May is Mental Health Awareness Month, an excellent time for each of us to commit to understanding and destigmatizing mental health problems. A surprising number of Americans struggle with mental health concerns— at least 1 in 5 in any given year— and most of those who are suffering do not receive the support and treatment that they need. One of the most devastating consequences of our lack of openness around discussing and treating mental health problems is the increased risk of suicide. Suicide is the 10th leading cause of death in the United States, with more than 44,000 people attempting suicide each year and approximately 25 times that many people making an attempt. All of us share the responsibility for making our society one that reaches out to people at risk for suicide and provides the kind of care and support that helps them survive.
Some important facts about suicide that everyone should know:
1. Suicidal thoughts are usually caused by an underlying mental health problem that can be treated. Suicidal thoughts are not a sign of personal weakness; they’re usually a sign of an underlying condition like depression, bipolar disorder, substance abuse, PTSD, or anxiety. All of these mental health concerns have effective treatments available (usually therapy, medication, or a combination of the two). Getting effective treatment can not only save lives, but help improve the happiness and well-being of people who have suicidal thoughts. If you need help figuring out how to find a therapist who can be helpful to you or someone you love, see our blog post on that topic.
2. Suicidal thoughts and feelings, although powerful and difficult to manage, do pass with time. If a person having suicidal thoughts can get through this period, it’s likely that he or she will notice a decrease in suicidal thinking. More than 90% of people who attempt suicide and survive do not go on to die by suicide— the crisis passes, and it’s possible to rekindle the sense of connection, purpose, and meaning that makes life worth living. LiveThroughThis.Org is an excellent place to read the stories of others who have survived a suicide attempt and recovered.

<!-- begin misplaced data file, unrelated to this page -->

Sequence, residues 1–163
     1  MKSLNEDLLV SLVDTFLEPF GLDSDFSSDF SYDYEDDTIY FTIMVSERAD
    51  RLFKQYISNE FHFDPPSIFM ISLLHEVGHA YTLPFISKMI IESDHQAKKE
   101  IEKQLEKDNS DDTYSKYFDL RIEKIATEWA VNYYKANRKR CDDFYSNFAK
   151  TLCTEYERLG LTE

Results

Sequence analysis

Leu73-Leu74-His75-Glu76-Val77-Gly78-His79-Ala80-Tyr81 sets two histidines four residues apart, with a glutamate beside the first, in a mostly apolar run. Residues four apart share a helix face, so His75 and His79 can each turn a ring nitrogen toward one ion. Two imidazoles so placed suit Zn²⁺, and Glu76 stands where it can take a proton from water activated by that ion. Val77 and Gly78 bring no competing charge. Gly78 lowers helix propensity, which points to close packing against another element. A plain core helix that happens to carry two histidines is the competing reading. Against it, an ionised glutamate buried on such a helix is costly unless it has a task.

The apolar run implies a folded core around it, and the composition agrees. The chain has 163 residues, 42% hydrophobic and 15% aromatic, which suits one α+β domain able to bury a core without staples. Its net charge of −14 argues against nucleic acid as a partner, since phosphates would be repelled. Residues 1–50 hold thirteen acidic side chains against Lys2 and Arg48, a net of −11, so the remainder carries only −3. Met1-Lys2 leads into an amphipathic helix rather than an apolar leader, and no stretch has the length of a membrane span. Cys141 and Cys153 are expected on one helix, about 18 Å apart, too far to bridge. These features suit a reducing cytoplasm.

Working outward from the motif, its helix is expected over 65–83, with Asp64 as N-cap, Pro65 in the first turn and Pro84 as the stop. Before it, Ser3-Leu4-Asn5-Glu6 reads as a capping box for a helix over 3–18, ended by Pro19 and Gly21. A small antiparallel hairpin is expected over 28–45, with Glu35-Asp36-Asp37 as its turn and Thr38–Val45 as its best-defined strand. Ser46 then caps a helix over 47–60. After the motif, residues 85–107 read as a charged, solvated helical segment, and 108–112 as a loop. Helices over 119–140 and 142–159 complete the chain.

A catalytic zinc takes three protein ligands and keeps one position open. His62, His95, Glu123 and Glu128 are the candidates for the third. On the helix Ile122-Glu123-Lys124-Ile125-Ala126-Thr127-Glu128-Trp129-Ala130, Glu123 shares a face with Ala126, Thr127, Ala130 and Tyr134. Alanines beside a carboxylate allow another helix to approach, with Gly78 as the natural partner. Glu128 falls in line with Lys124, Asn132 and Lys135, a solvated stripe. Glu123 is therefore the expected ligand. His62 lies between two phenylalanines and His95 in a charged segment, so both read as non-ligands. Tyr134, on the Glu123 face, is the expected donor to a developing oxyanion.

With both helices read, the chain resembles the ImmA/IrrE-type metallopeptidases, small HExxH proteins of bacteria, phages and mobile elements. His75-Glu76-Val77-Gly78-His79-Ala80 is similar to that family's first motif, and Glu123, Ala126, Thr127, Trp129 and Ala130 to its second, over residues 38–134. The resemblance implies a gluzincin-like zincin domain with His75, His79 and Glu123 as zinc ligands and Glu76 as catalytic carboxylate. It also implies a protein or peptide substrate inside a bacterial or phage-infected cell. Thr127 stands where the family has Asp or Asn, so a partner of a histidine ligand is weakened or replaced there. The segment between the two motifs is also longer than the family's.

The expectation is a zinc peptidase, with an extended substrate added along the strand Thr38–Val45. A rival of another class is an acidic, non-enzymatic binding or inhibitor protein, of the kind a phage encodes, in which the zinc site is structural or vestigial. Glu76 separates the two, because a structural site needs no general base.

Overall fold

3. The problems that can trigger suicidal thinking can often be solved or will get less painful with time. Suicidal thinking can be set off by stressful life events, like the end of a relationship, loss of a job, or bullying. Although sometimes suicide can feel like the only solution to the immediate pain, there are often other ways to solve a problem or to hang on until the pain lessens. Talking to a friend, family member, or therapist can help someone with suicidal thoughts get the support they need to cope with the challenges they’re facing.
4. Talking about suicidal feelings can help. It’s a myth that asking someone whether they have been thinking of suicide can “plant the idea” or cause them to feel more suicidal. Sometimes talking through the suicidal thoughts with a nonjudgmental friend, therapist, or crisis support volunteer can be exactly what helps someone get through this moment and connect to long-term support.
If you are feeling suicidal, please know that you are not alone. There are people out there who care about you and what you’re going through. In fact, thousands of volunteers around the USA and Canada donate their time to staffing crisis lines like the ones below so that you’ll have someone to reach out to in a time of crisis.
In the US:
– Anyone in crisis can call the Suicide Prevention Lifeline: 1(800) 273-TALK
– If you’re a Veteran in crisis, call the Veterans Crisis Line: 1(800) 273-8255
– Teenagers who need someone to talk to can call the Teen Line at 1(800)TLC-TEEN
– To chat with a support person online: CrisisChat.org or Imhurting.org
– An LGBT teen specific chat is also available: TheTrevorProject.org
– By text message: text Home to 741741 or teens can text TEEN to 839863
– Canada has 24-hour Phone Crisis Lines in each Province or Territory. Find yours.
– To message with a counselor use the Online Lifeline.
– For kids who need help, call the Kids Help Phone: 1800 668 6868
Center For Disease Control and Prevention (CDC) Data & Statistics Fatal Injury Report for 2015.
Kleiman, E.M., Turner, B.J., Beale, E.E., Huffman, J.C., & Nock, M. K. (2017). Examination of real-time fluctuations in suicidal ideation and its risk factors: Results from two ecological momentary assessment studies. Journal of Abnormal Psychology.
Owens D, Horrocks J, and House A. Fatal and non-fatal repetition of self-harm: systematic review. British Journal of Psychiatry. 2002;181:193-199.All Blogs